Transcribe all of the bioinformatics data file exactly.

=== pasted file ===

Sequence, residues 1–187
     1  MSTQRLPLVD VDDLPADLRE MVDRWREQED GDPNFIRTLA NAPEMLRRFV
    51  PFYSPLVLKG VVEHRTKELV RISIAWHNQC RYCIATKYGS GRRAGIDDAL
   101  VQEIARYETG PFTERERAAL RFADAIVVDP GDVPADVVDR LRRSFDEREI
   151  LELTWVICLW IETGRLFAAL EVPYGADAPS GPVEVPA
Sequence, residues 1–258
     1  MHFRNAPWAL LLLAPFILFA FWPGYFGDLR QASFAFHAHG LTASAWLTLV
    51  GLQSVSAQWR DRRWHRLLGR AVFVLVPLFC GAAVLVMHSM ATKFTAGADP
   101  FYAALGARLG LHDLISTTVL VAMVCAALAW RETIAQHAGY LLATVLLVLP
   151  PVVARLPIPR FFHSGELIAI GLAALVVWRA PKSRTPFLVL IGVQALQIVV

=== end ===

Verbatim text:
Sequence, residues 1–187
     1  MSTQRLPLVD VDDLPADLRE MVDRWREQED GDPNFIRTLA NAPEMLRRFV
    51  PFYSPLVLKG VVEHRTKELV RISIAWHNQC RYCIATKYGS GRRAGIDDAL
   101  VQEIARYETG PFTERERAAL RFADAIVVDP GDVPADVVDR LRRSFDEREI
   151  LELTWVICLW IETGRLFAAL EVPYGADAPS GPVEVPA
Sequence, residues 1–258
     1  MHFRNAPWAL LLLAPFILFA FWPGYFGDLR QASFAFHAHG LTASAWLTLV
    51  GLQSVSAQWR DRRWHRLLGR AVFVLVPLFC GAAVLVMHSM ATKFTAGADP
   101  FYAALGARLG LHDLISTTVL VAMVCAALAW RETIAQHAGY LLATVLLVLP
   151  PVVARLPIPR FFHSGELIAI GLAALVVWRA PKSRTPFLVL IGVQALQIVV